Fighting Opioid and Painkiller Addiction

Some History

In 1980, a letter to the editor of the New England Journal of Medicine by the Boston Collaborative Drug Surveillance Program stated “the risk of addiction was low when opioids such as oxycodone were prescribed for chronic pain.” It was a brief statement by the doctors conducting the study which was cited many times afterwards as justification for the use of oxycodone.

In a June 1, 2017 letter to the NEJM editor, the authors reported on the broad and undocumented assumptions made as a result of the 1980 Letter on the Risk of Opioid Addiction. Using bibliometric analysis of the impact of this letter to the editor, the citations of the 1980 letter were reviewed to determine the citation’s portrayal of the letter’s conclusions.

Identified in the bar chart are the number (608) of citations of the 1980 letter over a period of time from 1981 to 2017.

72.2% (439) of the citations, quoted the letter or used it as evidence addiction was rare in patients when treated with opioids such as oxycodone. 80.8% or 491 of the citations failed to note the patients described in the letter were hospitalized at the time they received the prescription.”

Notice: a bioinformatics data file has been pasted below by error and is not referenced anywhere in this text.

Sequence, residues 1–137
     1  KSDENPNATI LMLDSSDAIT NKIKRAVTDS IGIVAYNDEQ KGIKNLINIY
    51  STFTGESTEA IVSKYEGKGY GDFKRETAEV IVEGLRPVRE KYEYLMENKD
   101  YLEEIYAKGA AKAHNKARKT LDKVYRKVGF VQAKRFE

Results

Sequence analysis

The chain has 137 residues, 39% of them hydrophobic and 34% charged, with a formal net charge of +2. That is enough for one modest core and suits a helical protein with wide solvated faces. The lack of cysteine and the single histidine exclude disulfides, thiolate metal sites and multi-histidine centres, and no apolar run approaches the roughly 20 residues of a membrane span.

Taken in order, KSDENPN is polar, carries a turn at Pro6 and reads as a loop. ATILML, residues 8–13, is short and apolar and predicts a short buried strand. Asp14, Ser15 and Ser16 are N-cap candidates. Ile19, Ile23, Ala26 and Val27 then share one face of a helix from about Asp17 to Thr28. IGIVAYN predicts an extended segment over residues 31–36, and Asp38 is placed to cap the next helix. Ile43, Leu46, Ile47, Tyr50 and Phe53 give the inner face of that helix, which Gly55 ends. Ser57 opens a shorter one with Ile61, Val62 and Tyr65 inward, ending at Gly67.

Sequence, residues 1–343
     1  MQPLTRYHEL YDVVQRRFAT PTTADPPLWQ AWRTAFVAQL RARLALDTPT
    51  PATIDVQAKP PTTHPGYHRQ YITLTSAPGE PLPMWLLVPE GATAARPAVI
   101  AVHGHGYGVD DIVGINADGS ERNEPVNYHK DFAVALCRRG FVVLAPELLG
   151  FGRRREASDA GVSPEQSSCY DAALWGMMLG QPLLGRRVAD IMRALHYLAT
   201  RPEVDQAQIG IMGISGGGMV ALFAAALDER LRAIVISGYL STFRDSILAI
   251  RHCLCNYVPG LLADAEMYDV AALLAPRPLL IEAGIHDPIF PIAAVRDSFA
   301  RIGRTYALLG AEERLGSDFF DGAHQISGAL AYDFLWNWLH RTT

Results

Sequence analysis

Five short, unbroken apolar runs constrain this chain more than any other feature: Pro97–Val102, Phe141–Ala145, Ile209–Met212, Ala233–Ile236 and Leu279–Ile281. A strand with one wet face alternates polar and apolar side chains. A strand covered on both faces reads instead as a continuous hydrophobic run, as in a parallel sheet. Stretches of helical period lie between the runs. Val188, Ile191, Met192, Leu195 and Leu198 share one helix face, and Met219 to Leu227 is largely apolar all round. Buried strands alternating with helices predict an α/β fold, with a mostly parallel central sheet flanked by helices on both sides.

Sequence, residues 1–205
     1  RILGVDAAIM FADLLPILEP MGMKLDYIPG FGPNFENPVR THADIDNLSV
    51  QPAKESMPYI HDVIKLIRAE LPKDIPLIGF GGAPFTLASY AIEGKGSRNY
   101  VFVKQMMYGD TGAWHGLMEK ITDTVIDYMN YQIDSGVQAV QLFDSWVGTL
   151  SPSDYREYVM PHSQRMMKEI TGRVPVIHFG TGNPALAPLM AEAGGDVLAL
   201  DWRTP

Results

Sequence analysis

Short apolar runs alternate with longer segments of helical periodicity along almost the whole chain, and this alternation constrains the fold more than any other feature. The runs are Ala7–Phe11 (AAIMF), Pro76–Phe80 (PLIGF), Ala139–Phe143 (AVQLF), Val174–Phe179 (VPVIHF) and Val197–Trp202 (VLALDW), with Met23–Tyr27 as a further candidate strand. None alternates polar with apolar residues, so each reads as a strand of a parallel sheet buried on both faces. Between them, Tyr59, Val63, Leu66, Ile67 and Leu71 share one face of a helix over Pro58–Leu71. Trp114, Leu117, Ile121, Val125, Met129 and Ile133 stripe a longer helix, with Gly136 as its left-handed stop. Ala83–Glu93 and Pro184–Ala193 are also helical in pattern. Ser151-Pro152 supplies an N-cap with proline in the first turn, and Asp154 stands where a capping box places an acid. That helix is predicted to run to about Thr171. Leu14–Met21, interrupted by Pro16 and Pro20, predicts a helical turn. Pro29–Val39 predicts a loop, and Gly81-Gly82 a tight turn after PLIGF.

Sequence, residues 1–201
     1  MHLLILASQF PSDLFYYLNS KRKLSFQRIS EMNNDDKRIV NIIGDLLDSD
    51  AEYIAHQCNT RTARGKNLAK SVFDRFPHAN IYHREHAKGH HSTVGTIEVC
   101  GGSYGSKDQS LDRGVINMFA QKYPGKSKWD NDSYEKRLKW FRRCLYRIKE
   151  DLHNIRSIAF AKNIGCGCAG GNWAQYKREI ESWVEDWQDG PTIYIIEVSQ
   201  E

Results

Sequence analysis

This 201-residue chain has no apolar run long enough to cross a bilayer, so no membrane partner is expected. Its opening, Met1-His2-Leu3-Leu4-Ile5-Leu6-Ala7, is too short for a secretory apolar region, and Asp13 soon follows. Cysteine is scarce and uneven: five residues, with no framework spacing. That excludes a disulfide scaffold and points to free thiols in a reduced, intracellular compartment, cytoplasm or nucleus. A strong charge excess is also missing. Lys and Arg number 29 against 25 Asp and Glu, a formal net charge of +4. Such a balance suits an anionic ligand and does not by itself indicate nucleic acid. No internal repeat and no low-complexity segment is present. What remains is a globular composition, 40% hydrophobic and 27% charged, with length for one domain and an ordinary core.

There was a sizable increase of citations after the introduction of OxyContin (extended release oxycodone) in 1995. As the analysis noted “affirmational citations of the letter have become less common in recent years in contrast to the 439 (72.2%) positive and supporting citations of the 1980 correspondence in earlier years. The frequency of citation of this 1980 letter stands out as being unusual when compared to other published and cited letters. Eleven other published, stand-alone, and more recent letters on different topics published by the NEJM were cited at a median statistic of 11 times each.

Citations of the 1980 stand alone letter on “addiction being rare” from the use of opioids such as oxycodone failed to mention, the patients administered to were in a hospital setting as noted in the letter by Porter and Jick. Overlooked, a mistake by the people citing this letter? “In 2007, the manufacturer of OxyContin and three senior executives of Purdue Pharma plead guilty to federal criminal charges that they misled regulators, doctors, and patients about the risk of addiction associated with OxyContin.”

Organization: “An early manifestation of the opioid abuse, addiction, and overdose problem occurred largely in the rural regions of Kentucky and other parts of Appalachia after the introduction of Oxycontin. A brand name for oxycodone, OxyContin was introduced in 1996 by Purdue Pharma and aggressively sold to doctors. Sold as a less-addictive alternative to other painkillers as it was made in a time-release formulation, allowing for a slow onset of the drug, and not a hit all at once which is more likely to lead to abuse. When used as prescribed, Oxycontin was safe. When ground up, it’s slow release characteristics were marginalized.